This year, Eisenberger says United Way will be delivering Visa gift cards to over 500 elementary classrooms throughout Isabella and Gratiot counties. Teachers will be presented the cards in the next two weeks, along with a goody bag for their classrooms that includes basic supplies such as scissors or crayons.

But businesses and individuals alike still have time to get involved. 

“We haven't secured all the sponsorships we need, but we're working super hard and every day we're getting more,” she says. “We have people that give in all ranges of donations to this initiative, so it's available for anyone that's interested in giving.”

Eisenberger says donors can request their donation go to a specific school or even a specific teacher.

“The community support and generosity through Stuff the Bus makes our educators feel valued, supported, and empowered,” says Katie Rinke, principal of Mt. Pleasant’s Fancher Elementary School. 

“This provides extra funds so our teachers are able to purchase supplies their students or classroom may need throughout the year, even something as simple as Kleenex to disinfectant wipes,” says Rinke. “Those items start to add up quickly over the school year. The fact that our teachers don't have to worry about where the funds will come from to make those purchases is so nice.” 
“United Way is always seeking creative ways to best support the field of education,” she adds.  “And to remind our teachers and school staff that they matter and the work they do impacts our communities for many years to come.”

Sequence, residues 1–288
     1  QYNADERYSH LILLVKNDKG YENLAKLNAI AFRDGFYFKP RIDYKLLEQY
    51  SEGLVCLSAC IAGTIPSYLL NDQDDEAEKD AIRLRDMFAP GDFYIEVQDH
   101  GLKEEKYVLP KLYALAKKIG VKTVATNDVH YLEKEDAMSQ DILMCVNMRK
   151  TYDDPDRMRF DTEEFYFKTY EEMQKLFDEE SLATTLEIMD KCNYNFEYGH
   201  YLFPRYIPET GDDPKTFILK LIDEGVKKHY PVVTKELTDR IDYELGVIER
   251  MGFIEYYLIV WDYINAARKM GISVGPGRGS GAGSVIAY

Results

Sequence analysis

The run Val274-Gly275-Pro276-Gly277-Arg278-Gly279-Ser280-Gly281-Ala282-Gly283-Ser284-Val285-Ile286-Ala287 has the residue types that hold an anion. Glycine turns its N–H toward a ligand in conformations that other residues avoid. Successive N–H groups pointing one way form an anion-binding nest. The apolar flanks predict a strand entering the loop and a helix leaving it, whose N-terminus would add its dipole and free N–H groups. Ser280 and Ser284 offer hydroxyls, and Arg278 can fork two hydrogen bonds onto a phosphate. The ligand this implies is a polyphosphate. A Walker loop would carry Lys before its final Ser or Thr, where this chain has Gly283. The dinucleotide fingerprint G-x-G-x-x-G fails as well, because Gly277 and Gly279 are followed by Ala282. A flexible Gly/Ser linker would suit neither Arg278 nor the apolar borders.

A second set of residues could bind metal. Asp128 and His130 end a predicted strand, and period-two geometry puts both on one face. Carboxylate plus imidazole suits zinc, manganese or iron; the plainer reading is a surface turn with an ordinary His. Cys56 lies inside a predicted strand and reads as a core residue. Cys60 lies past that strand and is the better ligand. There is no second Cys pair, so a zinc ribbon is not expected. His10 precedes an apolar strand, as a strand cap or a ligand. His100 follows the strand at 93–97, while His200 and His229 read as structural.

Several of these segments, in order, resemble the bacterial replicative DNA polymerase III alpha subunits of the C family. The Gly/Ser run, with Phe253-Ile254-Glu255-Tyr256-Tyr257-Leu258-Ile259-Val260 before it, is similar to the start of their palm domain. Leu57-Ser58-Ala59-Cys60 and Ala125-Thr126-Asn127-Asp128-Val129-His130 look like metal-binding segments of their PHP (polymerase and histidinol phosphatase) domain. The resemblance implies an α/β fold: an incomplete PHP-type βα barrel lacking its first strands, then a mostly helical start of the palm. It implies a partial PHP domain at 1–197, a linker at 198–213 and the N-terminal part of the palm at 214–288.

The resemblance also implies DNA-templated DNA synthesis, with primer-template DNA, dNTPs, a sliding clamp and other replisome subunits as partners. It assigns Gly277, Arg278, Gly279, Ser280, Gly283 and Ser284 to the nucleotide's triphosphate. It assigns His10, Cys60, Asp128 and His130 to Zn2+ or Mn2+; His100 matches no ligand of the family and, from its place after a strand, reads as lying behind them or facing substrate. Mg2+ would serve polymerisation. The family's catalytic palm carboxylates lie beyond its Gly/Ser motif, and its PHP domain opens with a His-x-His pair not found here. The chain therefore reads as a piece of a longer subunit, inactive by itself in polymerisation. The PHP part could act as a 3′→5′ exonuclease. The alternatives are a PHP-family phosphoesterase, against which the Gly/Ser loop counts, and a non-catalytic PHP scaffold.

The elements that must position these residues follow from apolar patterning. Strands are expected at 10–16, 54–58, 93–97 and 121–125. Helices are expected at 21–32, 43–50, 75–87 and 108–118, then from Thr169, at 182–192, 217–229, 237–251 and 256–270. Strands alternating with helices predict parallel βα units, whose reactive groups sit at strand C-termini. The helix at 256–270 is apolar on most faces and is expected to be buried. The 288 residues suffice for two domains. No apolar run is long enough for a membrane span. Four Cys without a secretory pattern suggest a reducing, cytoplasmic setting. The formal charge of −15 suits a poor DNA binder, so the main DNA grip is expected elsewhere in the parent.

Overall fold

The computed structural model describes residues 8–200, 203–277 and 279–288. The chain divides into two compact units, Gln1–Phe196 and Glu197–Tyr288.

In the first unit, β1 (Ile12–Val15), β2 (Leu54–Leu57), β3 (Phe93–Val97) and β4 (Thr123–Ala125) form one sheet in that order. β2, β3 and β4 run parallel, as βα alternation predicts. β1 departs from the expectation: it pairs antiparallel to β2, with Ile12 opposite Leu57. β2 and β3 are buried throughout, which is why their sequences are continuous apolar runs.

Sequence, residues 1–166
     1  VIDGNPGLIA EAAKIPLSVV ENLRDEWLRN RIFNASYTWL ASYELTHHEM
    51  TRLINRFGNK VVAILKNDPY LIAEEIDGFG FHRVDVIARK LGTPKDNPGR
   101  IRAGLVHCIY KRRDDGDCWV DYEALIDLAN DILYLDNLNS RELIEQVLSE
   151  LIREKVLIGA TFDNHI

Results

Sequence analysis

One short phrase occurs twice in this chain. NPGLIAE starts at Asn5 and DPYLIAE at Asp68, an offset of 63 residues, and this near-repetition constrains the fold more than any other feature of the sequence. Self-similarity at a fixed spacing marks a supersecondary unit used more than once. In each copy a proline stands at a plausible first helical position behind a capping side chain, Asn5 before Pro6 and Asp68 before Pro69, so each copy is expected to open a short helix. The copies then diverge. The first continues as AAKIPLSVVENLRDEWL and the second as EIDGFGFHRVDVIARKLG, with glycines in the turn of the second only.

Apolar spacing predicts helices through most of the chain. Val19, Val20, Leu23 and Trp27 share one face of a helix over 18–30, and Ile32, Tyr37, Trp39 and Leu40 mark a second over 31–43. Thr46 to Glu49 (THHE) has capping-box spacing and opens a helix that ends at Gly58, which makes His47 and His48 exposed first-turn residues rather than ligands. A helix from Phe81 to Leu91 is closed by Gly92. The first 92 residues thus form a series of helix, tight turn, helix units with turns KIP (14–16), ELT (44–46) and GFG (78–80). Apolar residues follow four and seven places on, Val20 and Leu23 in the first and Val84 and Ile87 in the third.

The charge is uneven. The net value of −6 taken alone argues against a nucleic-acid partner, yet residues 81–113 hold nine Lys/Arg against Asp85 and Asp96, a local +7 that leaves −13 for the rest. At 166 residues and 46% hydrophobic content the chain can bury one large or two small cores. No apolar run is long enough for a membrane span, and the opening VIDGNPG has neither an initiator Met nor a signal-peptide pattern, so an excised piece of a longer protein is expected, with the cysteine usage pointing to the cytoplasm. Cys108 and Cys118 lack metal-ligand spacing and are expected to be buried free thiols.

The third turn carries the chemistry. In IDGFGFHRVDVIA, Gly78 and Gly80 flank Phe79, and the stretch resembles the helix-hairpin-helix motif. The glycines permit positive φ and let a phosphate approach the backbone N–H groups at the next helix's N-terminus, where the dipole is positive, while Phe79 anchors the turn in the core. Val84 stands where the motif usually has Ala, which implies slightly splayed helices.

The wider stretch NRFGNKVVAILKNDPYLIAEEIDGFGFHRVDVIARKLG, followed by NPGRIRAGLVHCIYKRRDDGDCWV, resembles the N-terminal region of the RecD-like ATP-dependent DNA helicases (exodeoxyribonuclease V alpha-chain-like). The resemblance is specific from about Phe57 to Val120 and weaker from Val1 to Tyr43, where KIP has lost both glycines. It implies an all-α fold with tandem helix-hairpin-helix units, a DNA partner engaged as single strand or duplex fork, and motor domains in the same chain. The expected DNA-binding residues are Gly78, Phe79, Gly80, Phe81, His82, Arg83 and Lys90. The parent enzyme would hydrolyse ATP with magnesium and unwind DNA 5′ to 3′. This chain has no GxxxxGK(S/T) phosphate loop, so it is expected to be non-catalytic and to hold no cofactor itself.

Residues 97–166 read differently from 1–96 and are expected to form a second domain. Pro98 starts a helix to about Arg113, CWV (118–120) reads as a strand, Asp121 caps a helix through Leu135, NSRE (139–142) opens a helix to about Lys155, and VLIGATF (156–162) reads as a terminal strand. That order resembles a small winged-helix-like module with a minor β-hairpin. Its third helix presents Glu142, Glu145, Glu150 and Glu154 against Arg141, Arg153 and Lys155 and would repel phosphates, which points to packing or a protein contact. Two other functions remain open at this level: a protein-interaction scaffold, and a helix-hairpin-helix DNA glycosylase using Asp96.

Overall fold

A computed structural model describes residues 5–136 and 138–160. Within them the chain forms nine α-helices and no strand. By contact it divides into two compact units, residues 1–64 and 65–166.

Photo courtesy of United Way of Gratiot & Isabella Counties.While this is only Eisenberger’s second year working with United Way, she has already seen the impact the Stuff the Bus initiative has made.

“It's just so uplifting and inspiring,” she says. “And it just keeps us going and keeps us wanting to do it year after year. As it grows, the support for the program grows with it, and it really feels like this is what we're supposed to be doing.”

“When we give back to these teachers, it allows for them to pour back into their students,” Eisenberger concludes. “We truly value the time and commitment and the work that the teachers in our community are doing and just want to make sure that they feel valued in that way. The community supports them, and the United Way supports them, and we're behind all this.”

To learn more about United Way of Gratiot and Isabella Counties’ Stuff the Bus campaign or to make a donation, visit their website, www.uwgic.org.
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Read more articles by Sarah R. Adams-Slominski.

Sarah R. Adams-Slominski is an award-winning multimedia producer and writer with over 20 years of experience. She has also designed and taught multimedia and communication courses for university students, as well as media relations and marketing seminars for clients she coaches across the United States. In 2020, she began work on a doctorate and is now concentrating on dissertation research in educational technology and new literacies while working as a freelance writer, editor, and adjunct college instructor. When she has some downtime, Sarah loves reading, cooking, and swimming—as well as hanging out with friends, family, and her fiancé at home with two giant cats.